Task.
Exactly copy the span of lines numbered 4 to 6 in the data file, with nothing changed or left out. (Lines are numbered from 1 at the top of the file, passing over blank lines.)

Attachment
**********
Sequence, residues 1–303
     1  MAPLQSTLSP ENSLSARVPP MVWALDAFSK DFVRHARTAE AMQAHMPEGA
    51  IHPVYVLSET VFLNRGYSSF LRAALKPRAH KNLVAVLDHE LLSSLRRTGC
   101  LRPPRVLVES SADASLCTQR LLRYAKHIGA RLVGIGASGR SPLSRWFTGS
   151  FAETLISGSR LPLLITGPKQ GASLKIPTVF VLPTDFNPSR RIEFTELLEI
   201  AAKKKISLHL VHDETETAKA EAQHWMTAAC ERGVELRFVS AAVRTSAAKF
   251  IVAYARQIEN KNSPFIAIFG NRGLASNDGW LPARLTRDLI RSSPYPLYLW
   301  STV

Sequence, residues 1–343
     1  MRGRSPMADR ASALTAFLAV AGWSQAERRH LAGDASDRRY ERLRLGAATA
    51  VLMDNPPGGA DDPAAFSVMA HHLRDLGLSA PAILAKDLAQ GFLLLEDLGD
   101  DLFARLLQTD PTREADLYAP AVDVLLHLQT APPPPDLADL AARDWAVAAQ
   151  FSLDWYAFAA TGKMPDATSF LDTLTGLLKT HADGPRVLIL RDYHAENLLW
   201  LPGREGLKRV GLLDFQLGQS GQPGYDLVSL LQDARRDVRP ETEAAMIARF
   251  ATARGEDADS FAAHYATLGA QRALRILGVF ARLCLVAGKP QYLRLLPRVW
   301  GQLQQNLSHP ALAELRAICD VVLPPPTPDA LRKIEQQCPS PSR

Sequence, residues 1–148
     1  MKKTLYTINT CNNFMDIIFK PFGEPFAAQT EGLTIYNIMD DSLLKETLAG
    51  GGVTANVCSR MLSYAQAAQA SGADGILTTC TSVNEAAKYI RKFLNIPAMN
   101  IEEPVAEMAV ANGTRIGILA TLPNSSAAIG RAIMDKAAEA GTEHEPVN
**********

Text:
   101  LRPPRVLVES SADASLCTQR LLRYAKHIGA RLVGIGASGR SPLSRWFTGS
   151  FAETLISGSR LPLLITGPKQ GASLKIPTVF VLPTDFNPSR RIEFTELLEI
   201  AAKKKISLHL VHDETETAKA EAQHWMTAAC ERGVELRFVS AAVRTSAAKF